Sylvia Plath Quotes

“I love people. Everybody. I love them, I think, as a stamp collector loves his collection. Every story, every incident, every bit of conversation is raw material for me. My love's not impersonal yet not wholly subjective either. I would like to be everyone, a cripple, a dying man, a whore, and then come back to write about my thoughts, my emotion as that person, but I am not omniscient. I have to live my life, and it is the only one I'll  ever have. And you cannot regard your own life with objective curiosity all the time..." (p. 9)

"There are times when a feeling of expectancy comes to me, as if something is there, beneath the surface of my understanding, waiting for me to grasp it. It is the same tantalizing sensation when you almost remember a name, but don't quite reach it. I can feel it when I think of human beings, of the hints of evolution suggestion by the removal of wisdom teeth, the narrowing of the jaw no longer needed to chew such roughage as it was accustomed to; the gradual disappearance of hair from the human body; the adjustment  of the human eye to the fine print, the swift, colored motion of the twentieth century..." (p. 15-16)

 “There is so much hurt in this game of searching for a mate, of testing, of trying. And you realize suddenly that you forgot it was a game, and turn away in tears.” ( p. 20)

“How complex and intricate are the working of the nervous system. The electric shrill of the phone sends a tingle of expectancy along the uterine walls; the sound of his voice, rough, brash and intimate across the wire tightens the intestinal tract. If the substituted the word “Lust for “Love” in popular songs it would come nearer the truth.” (p. 21)

“If I rest, if I think inward, I go mad. There is so much, and I am torn in different directions, pulled thin, taut against horizons too distant for me to reach” (p. 27)

“Now I know what loneliness is, I think. Momentary loneliness, anyway. It comes from a vague core of the self -- like a disease of the blood, dispersed throughout the body so that one cannot locate the matrix, the spot of contagion.” (p.29)

“I can’t deceive myself out of the bare stark realization that no matter how enthusiastic you are, no matter how much that character is fate, nothing is real, past or future, when you are alone in your room with the clock ticking loudly into the false cheerful brilliance of the electric light. And if you have no past or future, which after all, is all the present is made of, why then  you may as well dispose of the empty shell of present and commit suicide. But the cold reasoning mass of gray entrail in my cranium which parrots “I think, therefore I am,” whispers that there is always the turning, the upgrade, the new slant. And so I wait. What avail are good looks? To grab temporary security?  what avail are brains? Merely to say “I have seen; I have comprehended?”...” (p.30)

“Here I am, a bundle of of past recollections and future dreams, knotted up in a reasonably attractive bundle of flesh. I remember what this flesh has gone through; I dream of what it may go through. I record here the actions of optical nerves, of taste buds, of sensory perception. And, I think: I am but one more drop in the great sea of matter, defined, with the ability to realize my existence. Of the millions, I, too, was potentially everything at birth. I, too, was stunted, narrowed warped, by my environment, my outcroppings of heredity. I, too, will find a set of beliefs, of standards to live by yet the very satisfaction of finding them will be marred by the fact that I have reached the ultimate in shallow two-dimensional living - a set of values” (p. 31)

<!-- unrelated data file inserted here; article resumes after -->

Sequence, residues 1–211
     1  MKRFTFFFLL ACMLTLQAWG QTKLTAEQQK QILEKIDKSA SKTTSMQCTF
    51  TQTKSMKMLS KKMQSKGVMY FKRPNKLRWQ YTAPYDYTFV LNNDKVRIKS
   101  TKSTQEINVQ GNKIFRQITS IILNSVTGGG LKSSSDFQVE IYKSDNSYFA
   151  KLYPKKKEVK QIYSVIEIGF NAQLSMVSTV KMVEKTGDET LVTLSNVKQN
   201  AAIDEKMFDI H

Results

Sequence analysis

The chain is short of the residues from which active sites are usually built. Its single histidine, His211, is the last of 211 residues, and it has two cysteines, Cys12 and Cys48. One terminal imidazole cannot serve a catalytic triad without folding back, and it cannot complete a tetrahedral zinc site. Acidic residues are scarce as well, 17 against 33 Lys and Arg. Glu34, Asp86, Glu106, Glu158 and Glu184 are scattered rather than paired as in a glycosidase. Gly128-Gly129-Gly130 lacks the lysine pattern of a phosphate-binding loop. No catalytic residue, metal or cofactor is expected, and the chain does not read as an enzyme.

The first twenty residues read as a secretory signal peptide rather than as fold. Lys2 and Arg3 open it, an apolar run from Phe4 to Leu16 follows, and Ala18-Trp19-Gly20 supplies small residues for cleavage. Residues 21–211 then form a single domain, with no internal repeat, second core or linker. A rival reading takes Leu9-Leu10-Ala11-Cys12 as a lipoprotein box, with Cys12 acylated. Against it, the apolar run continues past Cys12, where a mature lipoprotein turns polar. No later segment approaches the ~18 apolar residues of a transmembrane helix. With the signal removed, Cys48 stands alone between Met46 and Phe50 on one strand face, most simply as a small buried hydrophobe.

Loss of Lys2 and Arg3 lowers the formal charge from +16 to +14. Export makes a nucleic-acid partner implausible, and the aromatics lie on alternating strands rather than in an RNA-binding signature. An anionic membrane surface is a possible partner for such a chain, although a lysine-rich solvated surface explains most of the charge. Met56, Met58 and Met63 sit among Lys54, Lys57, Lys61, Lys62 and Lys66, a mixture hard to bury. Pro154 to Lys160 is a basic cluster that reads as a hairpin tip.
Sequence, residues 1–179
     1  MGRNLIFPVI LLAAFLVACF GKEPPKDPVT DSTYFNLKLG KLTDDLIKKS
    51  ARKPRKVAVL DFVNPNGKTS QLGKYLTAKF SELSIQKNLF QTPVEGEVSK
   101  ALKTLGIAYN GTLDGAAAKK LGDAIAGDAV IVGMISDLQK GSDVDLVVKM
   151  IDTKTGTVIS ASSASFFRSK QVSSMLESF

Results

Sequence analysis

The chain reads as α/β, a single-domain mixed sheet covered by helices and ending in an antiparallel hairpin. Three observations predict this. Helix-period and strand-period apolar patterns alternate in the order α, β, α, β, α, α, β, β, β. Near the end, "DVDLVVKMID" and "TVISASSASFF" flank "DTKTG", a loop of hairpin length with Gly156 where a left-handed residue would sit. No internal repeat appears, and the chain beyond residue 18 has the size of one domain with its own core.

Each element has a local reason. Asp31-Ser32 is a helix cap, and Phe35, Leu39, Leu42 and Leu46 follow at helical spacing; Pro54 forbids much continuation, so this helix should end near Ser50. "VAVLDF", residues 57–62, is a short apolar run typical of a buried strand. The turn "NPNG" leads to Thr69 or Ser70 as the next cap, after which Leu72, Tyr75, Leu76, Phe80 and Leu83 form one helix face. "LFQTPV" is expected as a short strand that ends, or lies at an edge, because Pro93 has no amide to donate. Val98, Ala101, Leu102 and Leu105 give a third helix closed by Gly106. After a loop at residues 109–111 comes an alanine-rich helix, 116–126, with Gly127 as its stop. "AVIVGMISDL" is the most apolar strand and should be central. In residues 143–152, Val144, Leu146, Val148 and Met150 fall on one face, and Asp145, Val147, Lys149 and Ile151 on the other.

“We all are on the brink, and it takes a lot of nerve, a lot of energy, to teeter on the edge looking over, looking down into the windy blackness and not being quite able to make out through the yellow stinking mist, just what lies below the slime, in the oozing vomit-streaked; and so I could go on, into my thoughts, writing much, trying to find the core, the meaning for myself” (p.32)

“I am jealous of those who think more deeply, who write better, who draw better, who ski better, who look better, who live better, who love better than I. I am sitting at my desk looking out at a bright antiseptic January day, with an icy wind whipping the sky into a white-and-blue froth… I can see the sun light slanting diagonally across the desk, catching on the iridescent filaments of nylon in the stockings I hung over the curtain rod to dry. I think I am worthwhile just because I have optical nerves and can try to put down what they perceive” (p. 34)

“...Frustrated? Yes. Why? Because it is impossible for me to be God - the universal woman-and-man-- or anything much. I am what I feel and think and do. I want to express my being as fully as I can because I somewhere picked up the idea that I could justify my being alive that way.  But if I am to express what I am, I must have a standard of life, a jumping-off place, a technique - to make arbitrary and temporary organization of my own personal and pathetic little chaos.” (p. 45)

“I believe that there are people who think as I do, who have thought as I do, who will think as I do. There those who will live, unconscious of me, but continuing my attitude, so to speak, as I continue, unknowingly, the similar attitude of those before me. I could write and write. All it takes is a motion of the hand in response to a brain impulse, trained from childhood to record in our own American brand of hieroglyphics the translations of external stimuli. How much of my brain is wilfully my own? How much is not a rubber stamp of what I have read and heard and lived? Sure, I make a sort of synthesis of what I come across, but that is all that differentiates me from another person? --- That I have banged into and assimilated various things? That my environment and a chance combination of genes for me where I am?” (p.47)